An Eye on the Future
An Eye on the Future
Keeping an eye on global trends and developing a long term strategic approach to infrastructure to manage the impact of these trends, are pivotal if New Zealand is to achieve its growth goals. That was the theme of the Growth and Innovation Advisory Board’s (GIAB) Future Insights Infrastructure Forum, held in Wellington on 5 November.
“The plethora of infrastructure problems which have emerged over the past year were a real wake-up call for New Zealand’s infrastructure planners and investors,” said Rick Christie, Chairman of GIAB. “There is a real need for more effective thinking and planning if we were to avoid similar problems arising in the future.”
The forum used a future insights analysis to better understand possible future global scenarios and the likely impacts on New Zealand, and to help mitigate risk. This would also create flexibility to respond to the unexpected. Some future scenarios were already apparent, e.g. the emergence of fortress blocs of countries, as were future trends, such as the competing uses of water, the growing importance of sustainability, and the looming need for some tough energy decisions.
These were some of the issues discussed in a series of workshops around New Zealand’s physical infrastructure needs 15-20 years hence.
The Forum was attended by over 80 participants from business and government and included some of New Zealand’s top strategic thinkers, policy makers and business leaders.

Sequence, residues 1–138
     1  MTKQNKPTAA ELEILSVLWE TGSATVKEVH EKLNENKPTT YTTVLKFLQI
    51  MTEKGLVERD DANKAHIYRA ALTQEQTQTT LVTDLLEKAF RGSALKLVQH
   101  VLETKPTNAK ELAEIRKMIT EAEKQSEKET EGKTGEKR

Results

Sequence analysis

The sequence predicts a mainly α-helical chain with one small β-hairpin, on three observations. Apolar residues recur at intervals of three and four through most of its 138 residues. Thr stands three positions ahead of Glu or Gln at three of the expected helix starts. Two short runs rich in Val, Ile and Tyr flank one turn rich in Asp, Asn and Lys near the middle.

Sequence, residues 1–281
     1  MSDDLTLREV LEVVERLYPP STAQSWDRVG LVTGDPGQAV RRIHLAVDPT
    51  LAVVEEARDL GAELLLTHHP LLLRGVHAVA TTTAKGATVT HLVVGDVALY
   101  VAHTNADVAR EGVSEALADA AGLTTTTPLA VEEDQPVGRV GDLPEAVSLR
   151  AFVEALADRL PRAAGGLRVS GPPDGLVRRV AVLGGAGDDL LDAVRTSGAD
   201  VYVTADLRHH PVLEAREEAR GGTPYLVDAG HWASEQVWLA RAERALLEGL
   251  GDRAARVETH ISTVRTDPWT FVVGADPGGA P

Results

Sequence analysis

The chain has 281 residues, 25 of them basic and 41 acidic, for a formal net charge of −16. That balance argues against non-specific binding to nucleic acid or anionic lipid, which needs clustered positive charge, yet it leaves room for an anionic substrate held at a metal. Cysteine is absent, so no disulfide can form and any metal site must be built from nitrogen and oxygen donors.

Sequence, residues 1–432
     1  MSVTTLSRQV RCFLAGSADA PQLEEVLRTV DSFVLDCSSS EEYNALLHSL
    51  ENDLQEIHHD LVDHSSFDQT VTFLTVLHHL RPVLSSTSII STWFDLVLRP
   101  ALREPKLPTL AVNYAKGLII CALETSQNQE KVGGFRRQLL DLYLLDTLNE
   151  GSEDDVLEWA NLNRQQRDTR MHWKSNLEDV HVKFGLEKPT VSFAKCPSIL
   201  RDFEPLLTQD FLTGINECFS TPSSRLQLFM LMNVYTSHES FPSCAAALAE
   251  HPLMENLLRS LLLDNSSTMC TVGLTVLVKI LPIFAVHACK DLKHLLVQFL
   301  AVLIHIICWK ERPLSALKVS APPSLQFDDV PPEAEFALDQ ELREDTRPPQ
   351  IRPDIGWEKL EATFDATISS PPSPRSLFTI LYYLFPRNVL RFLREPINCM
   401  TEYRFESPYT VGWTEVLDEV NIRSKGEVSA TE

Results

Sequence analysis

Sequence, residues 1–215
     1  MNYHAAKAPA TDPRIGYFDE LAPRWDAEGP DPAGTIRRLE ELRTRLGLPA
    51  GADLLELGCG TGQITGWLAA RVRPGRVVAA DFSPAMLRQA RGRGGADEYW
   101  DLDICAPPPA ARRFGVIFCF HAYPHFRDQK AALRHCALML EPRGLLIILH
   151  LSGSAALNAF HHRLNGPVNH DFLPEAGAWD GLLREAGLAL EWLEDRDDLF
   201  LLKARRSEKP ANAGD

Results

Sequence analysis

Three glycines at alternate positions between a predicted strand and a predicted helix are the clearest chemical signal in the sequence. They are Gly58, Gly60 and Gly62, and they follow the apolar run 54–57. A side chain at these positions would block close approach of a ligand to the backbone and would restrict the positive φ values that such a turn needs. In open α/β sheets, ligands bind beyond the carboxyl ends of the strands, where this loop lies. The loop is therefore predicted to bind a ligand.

“The forum was not about dealing specifically with current pressures on roading, electricity generation or broadband. It was focused on the need for a long term strategic approach to decisions which involve large investments and long lead times, and which were the responsibility of both the Government of the day and the private sector.”
“Understanding future trends better means that both sides can look at how to factor-in the flexibility to enable us to respond more effectively to uncertainty,” said Rick Christie.
Mr Christie said that it would assist government to take a long term strategic approach to infrastructure and ensure a future preparedness focus.
“Infrastructure sits fairly and squarely alongside other crucial growth drivers such as an effective innovation framework, a skilled and talented workforce, and the need to increase our external trade and investment linkages.
“We will not get the right outcomes without good thinking and planning processes both in Government and business; and at the appropriate level, a consultative and maybe collaborative approach to the big decisions.
impressed by the emerging acknowledgement of the value of
taking a ‘whole of New Zealand’ approach to some of our
investment in infrastructure, an example being the need to
be smarter about improving coordination between different
transport modes and hard infrastructure.”